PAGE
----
BERLIN Feb 8 A sumptuous historical drama with
German poet Friedrich Schiller at the heart of a love triangle
in "Beloved Sisters" transported audiences back in time on
Saturday with the second of four German entries for best movie
at the Berlin Film Festival.
In the evening the festival will see the international
premiere of George Clooney's "The Monuments Men" about a squad
of art specialists sent into Europe near the end of World War
Two to rescue art works from the retreating Nazis.
Clooney's film, which stars himself as well as Matt Damon
and Bill Murray, will have a special resonance in Germany, which
last year was gripped by the discovery of a stash of more than
1,400 art works in the flat of an elderly recluse. Most were
believed to have been looted or extorted by the Nazis.
Striking a contrast with the festival's first German entry
"Jack", a gritty contemporary family drama, director Dominik
Graf's "Beloved Sisters" depicts the 18th-century national hero
and two beautiful sisters from the penniless aristocracy
attempting to establish a loving "ménage a trois" over more than
Schiller marries the younger of the two sisters, who have
made a pact to share everything - including him - in an attempt
to protect their idyll under the guise of convention.
But the elder sister, who is trapped in an unhappy marriage
of convenience, increasingly realises their naivety, and the
equilibrium of their love triangle starts to become undone when
the younger one becomes pregnant.
"The core of the movie is incredible tenderness," Graf told
a news conference, noting that he wanted to focus on their love
rather than on Schiller as a famed writer and protagonist of the
"Sturm und Drang" literary movement, together with Goethe.
Graf, who has of late directed more television than film,
said he let his film sprawl out over more than two hours -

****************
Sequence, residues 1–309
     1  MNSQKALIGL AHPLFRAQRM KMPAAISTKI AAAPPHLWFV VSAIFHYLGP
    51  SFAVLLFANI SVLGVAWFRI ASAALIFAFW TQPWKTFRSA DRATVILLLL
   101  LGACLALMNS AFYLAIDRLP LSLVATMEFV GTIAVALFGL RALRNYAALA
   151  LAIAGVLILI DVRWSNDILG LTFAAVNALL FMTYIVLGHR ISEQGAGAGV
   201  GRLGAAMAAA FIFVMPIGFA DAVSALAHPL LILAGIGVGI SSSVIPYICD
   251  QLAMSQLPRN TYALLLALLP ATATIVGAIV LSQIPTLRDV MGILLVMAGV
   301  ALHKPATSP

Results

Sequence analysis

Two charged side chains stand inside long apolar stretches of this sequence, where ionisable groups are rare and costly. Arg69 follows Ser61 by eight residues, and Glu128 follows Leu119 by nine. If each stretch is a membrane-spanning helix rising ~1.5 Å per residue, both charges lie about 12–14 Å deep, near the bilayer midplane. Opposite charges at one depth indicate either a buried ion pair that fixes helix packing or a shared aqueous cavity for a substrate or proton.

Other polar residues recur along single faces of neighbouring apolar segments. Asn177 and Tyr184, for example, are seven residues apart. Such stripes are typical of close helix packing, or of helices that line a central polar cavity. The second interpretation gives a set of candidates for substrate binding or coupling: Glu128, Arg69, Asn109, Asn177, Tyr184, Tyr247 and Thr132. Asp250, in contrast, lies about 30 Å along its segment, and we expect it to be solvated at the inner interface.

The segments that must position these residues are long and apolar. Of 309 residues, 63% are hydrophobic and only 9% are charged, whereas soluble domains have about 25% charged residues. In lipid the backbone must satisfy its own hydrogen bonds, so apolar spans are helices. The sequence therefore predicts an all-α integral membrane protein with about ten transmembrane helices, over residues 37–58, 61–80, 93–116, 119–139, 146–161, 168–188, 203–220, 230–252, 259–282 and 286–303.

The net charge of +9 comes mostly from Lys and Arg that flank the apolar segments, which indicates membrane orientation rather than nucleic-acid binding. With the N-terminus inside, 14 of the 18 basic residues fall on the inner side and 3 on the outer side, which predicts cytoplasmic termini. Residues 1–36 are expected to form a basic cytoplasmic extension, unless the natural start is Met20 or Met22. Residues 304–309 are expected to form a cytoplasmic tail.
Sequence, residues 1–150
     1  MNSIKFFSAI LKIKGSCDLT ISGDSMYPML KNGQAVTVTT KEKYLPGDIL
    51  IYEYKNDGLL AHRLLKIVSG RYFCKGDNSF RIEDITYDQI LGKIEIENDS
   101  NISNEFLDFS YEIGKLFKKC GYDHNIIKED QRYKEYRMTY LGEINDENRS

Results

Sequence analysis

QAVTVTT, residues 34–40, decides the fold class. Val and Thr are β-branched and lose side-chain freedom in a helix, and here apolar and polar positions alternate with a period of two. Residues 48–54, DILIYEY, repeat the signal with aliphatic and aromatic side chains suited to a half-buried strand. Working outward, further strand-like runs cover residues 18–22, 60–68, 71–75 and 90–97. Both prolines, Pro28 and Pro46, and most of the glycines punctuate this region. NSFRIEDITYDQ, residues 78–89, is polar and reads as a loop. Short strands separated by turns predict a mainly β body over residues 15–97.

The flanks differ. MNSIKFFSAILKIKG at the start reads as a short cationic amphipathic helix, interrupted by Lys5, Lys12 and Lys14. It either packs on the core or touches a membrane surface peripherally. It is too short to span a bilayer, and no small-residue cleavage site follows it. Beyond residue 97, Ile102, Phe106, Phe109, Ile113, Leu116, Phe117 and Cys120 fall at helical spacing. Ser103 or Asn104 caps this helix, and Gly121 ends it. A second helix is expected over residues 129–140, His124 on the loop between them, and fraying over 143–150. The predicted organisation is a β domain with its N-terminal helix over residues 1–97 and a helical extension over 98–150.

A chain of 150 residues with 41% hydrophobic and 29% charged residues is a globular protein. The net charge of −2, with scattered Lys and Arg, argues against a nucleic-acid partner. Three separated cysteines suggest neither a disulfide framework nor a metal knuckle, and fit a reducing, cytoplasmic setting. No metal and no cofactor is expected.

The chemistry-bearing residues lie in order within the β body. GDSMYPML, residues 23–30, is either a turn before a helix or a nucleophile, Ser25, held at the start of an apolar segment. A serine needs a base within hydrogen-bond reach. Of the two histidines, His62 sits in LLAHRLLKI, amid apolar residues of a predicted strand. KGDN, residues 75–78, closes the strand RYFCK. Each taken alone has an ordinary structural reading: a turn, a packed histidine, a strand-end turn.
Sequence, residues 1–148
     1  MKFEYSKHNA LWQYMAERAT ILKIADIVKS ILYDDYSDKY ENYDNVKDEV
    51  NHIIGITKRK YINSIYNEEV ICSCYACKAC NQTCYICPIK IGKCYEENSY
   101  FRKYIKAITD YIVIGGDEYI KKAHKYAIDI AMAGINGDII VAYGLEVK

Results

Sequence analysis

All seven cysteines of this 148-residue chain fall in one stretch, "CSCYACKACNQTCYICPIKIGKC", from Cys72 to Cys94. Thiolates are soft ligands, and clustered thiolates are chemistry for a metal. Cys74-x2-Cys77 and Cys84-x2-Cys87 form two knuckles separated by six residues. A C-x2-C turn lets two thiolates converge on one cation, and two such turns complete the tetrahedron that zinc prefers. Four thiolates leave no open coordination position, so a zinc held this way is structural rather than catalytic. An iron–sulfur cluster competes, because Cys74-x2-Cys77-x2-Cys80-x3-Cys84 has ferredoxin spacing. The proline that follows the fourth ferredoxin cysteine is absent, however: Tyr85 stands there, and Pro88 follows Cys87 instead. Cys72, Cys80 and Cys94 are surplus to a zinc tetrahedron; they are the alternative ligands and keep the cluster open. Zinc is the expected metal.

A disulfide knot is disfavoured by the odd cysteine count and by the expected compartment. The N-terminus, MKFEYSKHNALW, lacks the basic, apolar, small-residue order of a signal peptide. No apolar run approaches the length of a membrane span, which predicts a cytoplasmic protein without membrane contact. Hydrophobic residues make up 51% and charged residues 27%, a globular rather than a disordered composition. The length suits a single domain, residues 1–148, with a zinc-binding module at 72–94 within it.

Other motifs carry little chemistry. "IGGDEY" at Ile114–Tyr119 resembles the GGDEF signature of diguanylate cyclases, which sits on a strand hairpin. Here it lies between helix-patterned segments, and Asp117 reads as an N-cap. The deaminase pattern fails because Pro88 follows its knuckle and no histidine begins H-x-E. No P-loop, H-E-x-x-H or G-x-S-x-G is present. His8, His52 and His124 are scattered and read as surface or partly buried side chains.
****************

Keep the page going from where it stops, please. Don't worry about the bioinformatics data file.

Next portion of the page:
repetitious scenes show the protagonists writing love letters to
one another or travelling to and fro by horse and carriage - in
order to capture the slower pace of that era.
"We wanted to avoid the impression that people were racing
through the streets back then," said Graf. "We would force an
artificial speed, it would have falsified the whole thing."
Producer Uschi Reich, who came up with the idea and has done
other films about Schiller, said she was fascinated by the way
people were challenging the norms of relationships around the
time of the French revolution in 1789.
"At that time people were really thinking about utopias,
like we were in the '70s, utopias of love, living together,
shared accommodations," she said. "People before and after the
revolution people tried and tested new forms of coexistence."
The film is punctuated by the characters reading out the
letters sent between Schiller and the elder of the sisters,
Caroline von Beulwitz, who went on herself to become an author
of some success.
Graf said he reconstructed those letters himself, as von
Beulwitz became ashamed of them towards the end of her life,
"piled everything onto one huge pyre and burnt them all".
"Beloved Sisters" is one of 20 movies competing for the
"Golden Bear", the Berlin Film Festival's top prize which will
be awarded next week. More than 400 films are screening at the
(Editing by Stephen Powell)